Mosley-Braun: opposed the Iraq war from jump street; ditto for Afghanistan; see Kucinich.

Sharpton: See M-B and Kucinich.

On the question of the Bush wars, KUCINICH, MOSLEY-BRAUN, SHARPTON and (perhaps) DEAN could get my vote.

Tuesday, December 09, 2003

Now that Al Gore has thrown his support behind Howard Dean, I feel compelled to try to sort out where I stand on the various Democrats running for the nomination. I’ve decided to sort by issue category. For the purposes of this sorting, I am not considering who seems most likely to be successful. I’m just going by what they say and what they have done, and relying largely on their official websites. I will blog on the issues in no particular order of importance.

It is worth noting, perhaps, that Carol Mosely-Braun’s and Al Sharpton’s official websites seem to be dead.

Today’s issue: the Death Penalty

Clark: supports it, but has expressed concerns with the way in which it is applied and would support a review of all cases.

Dean: supports it for “extreme and heinous” crimes, but has expressed concerns with the way in which it is applied and would support a review of all cases.

Edwards: supports it, I think (although his website doesn’t say anything in particular about it)

Gephardt: supports it, I think (although his website doesn’t say anything in particular about it)

Kerry: supports it, but has expressed concerns with the way in which it is applied and would support a review of all cases.

Kucinich: opposes it as racist, classist, and immoral.

Lieberman: supports it, but has expressed concerns with the way in which it is applied

Mosley-Braun: opposes it as racist, classist, and immoral.

Sharpton: opposes it as racist, classist, and immoral.

On this issue, KUCINICH, MOSLEY-BRAUN, and SHARPTON could get my vote.

Sunday, December 07, 2003

I am 21% American and Proud!

I was just reading Salvador Dali, Fascist and recalled an interesting anecdote.

My friend Guille's grandparents apparently knew Dali. Once, while he was over for dinner with his wife, the two of them got into some sort of argument which ended in Dali beating his wife nearly senseless with his walking stick.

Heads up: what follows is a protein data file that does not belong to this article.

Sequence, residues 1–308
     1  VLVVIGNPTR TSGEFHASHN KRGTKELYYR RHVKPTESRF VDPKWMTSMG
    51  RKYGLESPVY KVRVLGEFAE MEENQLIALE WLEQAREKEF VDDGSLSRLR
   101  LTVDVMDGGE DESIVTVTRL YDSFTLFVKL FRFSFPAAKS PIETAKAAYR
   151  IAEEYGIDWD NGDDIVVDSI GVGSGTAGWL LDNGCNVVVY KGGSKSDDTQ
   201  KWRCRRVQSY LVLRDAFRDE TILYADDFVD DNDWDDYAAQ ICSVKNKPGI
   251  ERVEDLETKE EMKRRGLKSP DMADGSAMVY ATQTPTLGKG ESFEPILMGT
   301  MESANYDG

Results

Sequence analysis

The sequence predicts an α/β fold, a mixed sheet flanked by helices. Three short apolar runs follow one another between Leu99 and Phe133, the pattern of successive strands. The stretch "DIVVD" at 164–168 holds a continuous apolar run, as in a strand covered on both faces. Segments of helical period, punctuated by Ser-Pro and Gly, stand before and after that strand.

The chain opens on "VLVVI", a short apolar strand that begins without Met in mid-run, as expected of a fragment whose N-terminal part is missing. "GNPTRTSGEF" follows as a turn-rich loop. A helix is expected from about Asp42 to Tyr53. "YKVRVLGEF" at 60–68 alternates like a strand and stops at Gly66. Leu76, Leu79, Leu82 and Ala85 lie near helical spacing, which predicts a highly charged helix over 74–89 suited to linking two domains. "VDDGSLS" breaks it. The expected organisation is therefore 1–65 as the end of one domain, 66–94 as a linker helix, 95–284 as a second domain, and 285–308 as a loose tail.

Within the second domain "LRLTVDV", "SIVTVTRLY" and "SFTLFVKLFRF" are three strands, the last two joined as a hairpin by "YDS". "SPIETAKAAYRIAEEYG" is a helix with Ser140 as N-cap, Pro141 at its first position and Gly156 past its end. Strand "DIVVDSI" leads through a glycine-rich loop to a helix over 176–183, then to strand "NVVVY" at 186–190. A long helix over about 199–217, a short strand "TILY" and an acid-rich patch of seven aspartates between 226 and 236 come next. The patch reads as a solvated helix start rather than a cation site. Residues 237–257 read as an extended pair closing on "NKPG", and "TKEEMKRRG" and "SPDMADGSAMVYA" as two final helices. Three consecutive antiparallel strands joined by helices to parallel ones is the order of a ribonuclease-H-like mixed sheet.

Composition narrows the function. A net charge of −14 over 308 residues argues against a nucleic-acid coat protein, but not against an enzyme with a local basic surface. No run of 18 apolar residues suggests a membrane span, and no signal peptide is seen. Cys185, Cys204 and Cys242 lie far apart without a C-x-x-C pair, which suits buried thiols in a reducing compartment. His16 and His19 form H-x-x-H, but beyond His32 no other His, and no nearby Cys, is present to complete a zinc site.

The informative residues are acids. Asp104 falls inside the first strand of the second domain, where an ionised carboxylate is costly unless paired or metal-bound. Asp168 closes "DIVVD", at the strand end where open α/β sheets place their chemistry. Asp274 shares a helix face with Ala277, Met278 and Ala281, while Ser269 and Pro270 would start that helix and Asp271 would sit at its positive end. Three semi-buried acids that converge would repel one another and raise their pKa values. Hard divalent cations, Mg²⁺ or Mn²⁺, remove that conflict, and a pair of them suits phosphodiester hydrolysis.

I *think* I'm remembering this story correctly.

A friend of ours just had her 51st birthday and we put together a 4 cd set of a song from each year of her life. I'm fairly proud of the result, despite having been hamstrung by such considerations as "will she like it?"

Whatcha think?

1952 NAT KING COLE Unforgettable 1953 EARTHA KITT Smoke Gets In Your Eyes 1954 HELEN MERRILL You’d Be So Nice To Come Home To 1955 DINAH WASHINGTON I Get a Kick Out of You 1956 FRANK SINATRA You Make Me Feel So Young 1957 PATSY CLINE Walkin’ After Midnight 1958 FATS DOMINO Whole Lotta Lovin’ 1959 DINAH WASHINGTON What a Difference a Day Makes 1960 MEL TORME AND THE MELTONES What Is this Thing Called Love? 1961 BOBBY DARIN You Must Have Been a Beautiful Baby 1962 ETTA JAMES At Last
1963 SHIRLEY HORN Love for Sale 1964 SHIRLEY BASSEY Goldfinger
1965 SIMON AND GARFUNKEL The Sounds of Silence 1966 THE MAMAS AND THE PAPAS California Dreamin’ 1967 JEFFERSON AIRPLANE White Rabbit 1968 ROLLING STONES Sympathy for the Devil 1969 JIMI HENDRIX Crosstown Traffic 1970 LED ZEPPLIN Whole Lotta Love 1971 JOHN LENNON Imagine 1972 STEVIE WONDER Superstition 1973 THE WHO Love Reign O’er Me 1974 BOB MARLEY No Woman No Cry 1975 FLEETWOOD MAC Landslide 1976 DAVID BOWIE Young Americans 1977 SUSAN SARANDON Touch-a Touch Me bonus TIM CURRY Sweet Transvestite 1978 BEE GEES You Should be Dancin’ 1979 BLONDIE Heart of Glass 1980 PINK FLOYD (Roger Waters) Another Brick in the Wall 1 and 2 1981 QUEEN/DAVID BOWIE Under Pressure 1982 PRINCE 1999 1983 EURYTHMICS Sweet Dreams (are made of this) 1984 POLICE Wrapped Around Your Finger 1985 SADE Smooth Operator 1986 PETER GABRIEL In Your Eyes 1987 SUZANNE VEGA Luka 1988 GIPSY KINGS Baila Me 1989 U2 All I Want is You 1990 SINEAD O’CONNOR Nothing Compares 2 U 1991 REM Losing My Religion 1992 TORI AMOS Crucify 1993 BJORK Human Behavior 1994 BRUCE SPRINGSTEEN Streets of Philadelphia 1995 DAVE MATTHEWS BAND Ants Marching 1996 ALANIS MORISSETTE You Learn 1997 JAMARAQUAI Virtual Insanity 1998 THE VERVE Bittersweet Symphony 1999 SHERYL CROW My Favorite Mistake 2000 SANTANA/MANA Corazon Espinado 2001 STING Desert Rose 2002 NIKKA COSTA Push and Pull 2003 COLDPLAY Clocks